I first heard of GLOBE at Night when I literally bumped into its creator, Connie Walker. First I should tell you she is one of the friendliest and bubbliest people I have met. And if you ask her about GLOBE at Night she’ll tell you that it is a citizen science campaign (that means you, no matter who you are or what you do or how old you are, you are the scientist) that collects data on light pollution from around the world. Last year people in over 90 countries submitted over 16,000 observations. Unfortunately, my location was not an enthusiastic contributor. In fact, I was the only one.

No matter how many or how often I peppered friends and acquaintances with “You should participate in GLOBE at Night! It’s easy!” I never saw any new dots pop up on the map in Fayetteville, AR. My lonely observations continued to be lonely. During the last GLOBE at Night campaign I decided to try something different. Somehow, I convinced the honors college at the University of Arkansas that a great event would include a focus on light pollution.

A few quick months later Ian Cheney, from Wicked Delicate Films, was in Fayetteville with his light pollution focused documentary “The City Dark.” Connie Walker, creator of the GLOBE at Night campaign, was right there with him. We held two events. First, interested citizens came out to meet our guests and hear what they had to say about light pollution. During a clouded-out star party Walker was still able to demonstrate the Unihedron Sky Quality Meter and how to make observations for GLOBE at Night.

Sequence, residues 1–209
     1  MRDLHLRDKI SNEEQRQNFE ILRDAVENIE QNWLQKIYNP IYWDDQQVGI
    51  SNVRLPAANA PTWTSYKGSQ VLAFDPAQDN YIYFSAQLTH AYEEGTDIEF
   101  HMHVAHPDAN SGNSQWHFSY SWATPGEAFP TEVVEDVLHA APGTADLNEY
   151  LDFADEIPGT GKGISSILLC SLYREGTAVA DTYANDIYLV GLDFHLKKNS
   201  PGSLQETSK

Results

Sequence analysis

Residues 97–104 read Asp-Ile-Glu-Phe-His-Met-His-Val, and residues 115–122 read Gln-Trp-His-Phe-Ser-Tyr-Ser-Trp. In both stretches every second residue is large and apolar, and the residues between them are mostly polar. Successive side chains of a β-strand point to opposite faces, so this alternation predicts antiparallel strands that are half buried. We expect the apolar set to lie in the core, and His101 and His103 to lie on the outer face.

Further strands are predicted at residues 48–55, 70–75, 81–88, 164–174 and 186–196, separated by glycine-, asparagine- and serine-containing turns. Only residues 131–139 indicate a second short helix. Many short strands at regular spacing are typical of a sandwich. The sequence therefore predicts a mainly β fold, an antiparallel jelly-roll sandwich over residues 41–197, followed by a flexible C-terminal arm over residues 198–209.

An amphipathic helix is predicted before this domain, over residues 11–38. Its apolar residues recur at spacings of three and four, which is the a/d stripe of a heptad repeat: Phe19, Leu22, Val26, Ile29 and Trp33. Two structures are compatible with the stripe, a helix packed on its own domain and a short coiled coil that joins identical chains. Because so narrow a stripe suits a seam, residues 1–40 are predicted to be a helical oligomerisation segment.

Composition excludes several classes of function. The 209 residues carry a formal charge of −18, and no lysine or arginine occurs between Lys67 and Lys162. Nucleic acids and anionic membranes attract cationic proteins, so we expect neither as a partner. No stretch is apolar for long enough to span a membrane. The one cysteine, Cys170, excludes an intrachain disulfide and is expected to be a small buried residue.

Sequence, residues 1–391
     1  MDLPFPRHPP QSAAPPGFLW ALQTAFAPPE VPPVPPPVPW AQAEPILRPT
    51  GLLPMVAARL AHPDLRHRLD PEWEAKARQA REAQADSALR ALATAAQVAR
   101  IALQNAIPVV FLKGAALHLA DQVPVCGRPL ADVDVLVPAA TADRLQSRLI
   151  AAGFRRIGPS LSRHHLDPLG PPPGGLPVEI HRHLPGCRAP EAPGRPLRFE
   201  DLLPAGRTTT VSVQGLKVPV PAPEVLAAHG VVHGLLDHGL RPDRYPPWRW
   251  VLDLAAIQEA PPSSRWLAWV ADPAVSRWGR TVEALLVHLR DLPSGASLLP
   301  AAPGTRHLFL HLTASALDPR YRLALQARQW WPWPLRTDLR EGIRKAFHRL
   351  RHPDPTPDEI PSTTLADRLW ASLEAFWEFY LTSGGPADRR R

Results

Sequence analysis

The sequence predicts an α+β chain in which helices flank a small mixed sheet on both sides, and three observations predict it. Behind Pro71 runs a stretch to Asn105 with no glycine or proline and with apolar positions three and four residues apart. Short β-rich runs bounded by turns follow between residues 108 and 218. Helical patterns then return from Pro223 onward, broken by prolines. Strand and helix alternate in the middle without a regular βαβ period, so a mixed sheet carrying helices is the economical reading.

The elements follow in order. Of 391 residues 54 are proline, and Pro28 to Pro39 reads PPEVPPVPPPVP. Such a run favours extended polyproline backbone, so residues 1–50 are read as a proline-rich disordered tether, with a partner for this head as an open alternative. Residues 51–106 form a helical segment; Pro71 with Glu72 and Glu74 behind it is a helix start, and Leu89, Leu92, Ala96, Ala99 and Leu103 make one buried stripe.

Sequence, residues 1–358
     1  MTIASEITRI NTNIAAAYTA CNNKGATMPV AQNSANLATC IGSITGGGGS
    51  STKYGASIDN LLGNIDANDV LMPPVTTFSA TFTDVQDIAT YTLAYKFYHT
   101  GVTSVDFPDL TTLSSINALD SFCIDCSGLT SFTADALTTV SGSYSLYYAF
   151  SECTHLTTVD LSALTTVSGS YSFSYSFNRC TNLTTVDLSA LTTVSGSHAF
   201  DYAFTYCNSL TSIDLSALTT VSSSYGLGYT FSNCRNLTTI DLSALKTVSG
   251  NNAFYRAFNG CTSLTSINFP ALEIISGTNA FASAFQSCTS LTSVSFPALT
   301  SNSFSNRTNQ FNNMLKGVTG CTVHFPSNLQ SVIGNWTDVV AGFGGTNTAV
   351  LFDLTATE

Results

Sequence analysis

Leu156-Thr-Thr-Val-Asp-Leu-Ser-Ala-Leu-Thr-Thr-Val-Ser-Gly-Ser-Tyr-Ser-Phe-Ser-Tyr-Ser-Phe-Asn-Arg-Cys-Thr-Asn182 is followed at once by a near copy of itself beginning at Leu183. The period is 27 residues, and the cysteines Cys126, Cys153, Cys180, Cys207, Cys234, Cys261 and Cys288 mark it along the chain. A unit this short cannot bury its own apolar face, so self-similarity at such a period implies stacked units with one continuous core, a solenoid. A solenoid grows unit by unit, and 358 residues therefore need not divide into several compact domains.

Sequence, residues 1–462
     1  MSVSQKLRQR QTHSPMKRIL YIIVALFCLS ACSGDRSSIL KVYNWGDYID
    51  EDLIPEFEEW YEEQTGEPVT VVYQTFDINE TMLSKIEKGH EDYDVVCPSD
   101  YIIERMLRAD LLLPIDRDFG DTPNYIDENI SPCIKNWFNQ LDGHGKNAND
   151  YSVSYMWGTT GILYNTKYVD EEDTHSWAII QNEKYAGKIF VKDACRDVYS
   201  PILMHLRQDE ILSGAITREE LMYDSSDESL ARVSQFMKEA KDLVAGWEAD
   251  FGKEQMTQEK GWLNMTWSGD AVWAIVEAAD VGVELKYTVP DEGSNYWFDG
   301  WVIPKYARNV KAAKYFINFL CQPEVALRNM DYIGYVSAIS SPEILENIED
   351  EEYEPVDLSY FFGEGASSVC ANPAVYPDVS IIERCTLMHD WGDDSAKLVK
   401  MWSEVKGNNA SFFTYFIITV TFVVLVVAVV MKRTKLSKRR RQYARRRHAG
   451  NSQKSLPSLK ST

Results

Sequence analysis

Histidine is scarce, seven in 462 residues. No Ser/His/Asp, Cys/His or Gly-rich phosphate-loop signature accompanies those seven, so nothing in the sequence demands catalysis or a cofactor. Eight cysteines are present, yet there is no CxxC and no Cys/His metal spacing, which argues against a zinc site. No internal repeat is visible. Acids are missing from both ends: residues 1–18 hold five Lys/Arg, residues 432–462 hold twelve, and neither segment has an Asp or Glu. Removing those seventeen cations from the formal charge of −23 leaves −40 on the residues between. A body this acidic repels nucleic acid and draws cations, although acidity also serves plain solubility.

The next night, Cheney’s film was shown to what I later found out was the largest crowd to ever attend one of his screenings. And this all happened at the beginning of the last GLOBE at Night campaign of 2012.

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Dr. Steve Boss captured this shot of the over 600 person audience at the screening of "The City Dark" at the University of Arkansas. (Photo by Dr. Stephen K. Boss, University of Arkansas)


Many individuals went into making these events a huge success, and their hard work put Fayetteville, finally, on the GLOBE at Night map. Dr. Steve Boss encouraged students in his introductory sustainability class to participate for a class project. My observations were not alone last year, and we were organized.

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Tucson, AZ was the first city to participate in Adopt-A-Street. The before (L) and after (R) shots show the increased participation and organization.


The Adopt-A-Street program was coming to Fayetteville. This program makes it possible for a community to create a ‘transit’ of the city. It is an organized grid-like view of the city. Major roads are included for citizens to ‘Adopt’ by simply entering their name on the city’s website. After adopting a street he or she just has to drive down the road stopping every once in a while to look up, make an observation, write it down to submit on a computer later or record on a smart phone, and then move on down the road to stop a mile later, and so on until an entire road has observations of light pollution approximately every mile. If enough people do this for the major roads of the city the entire city’s light pollution is mapped. It is actually possible to see the drop in light pollution at the city limits.

Before all of these events Dr. Steve Boss and Connie Walker worked together to turn Fayetteville into the second city to ever participate in Adopt-A-Street. Originally a program for Tucson (and eventually to be spread worldwide) the leaders of GLOBE at Night had not yet had a city to reach out to. Fayetteville was this city and the results were not disappointing.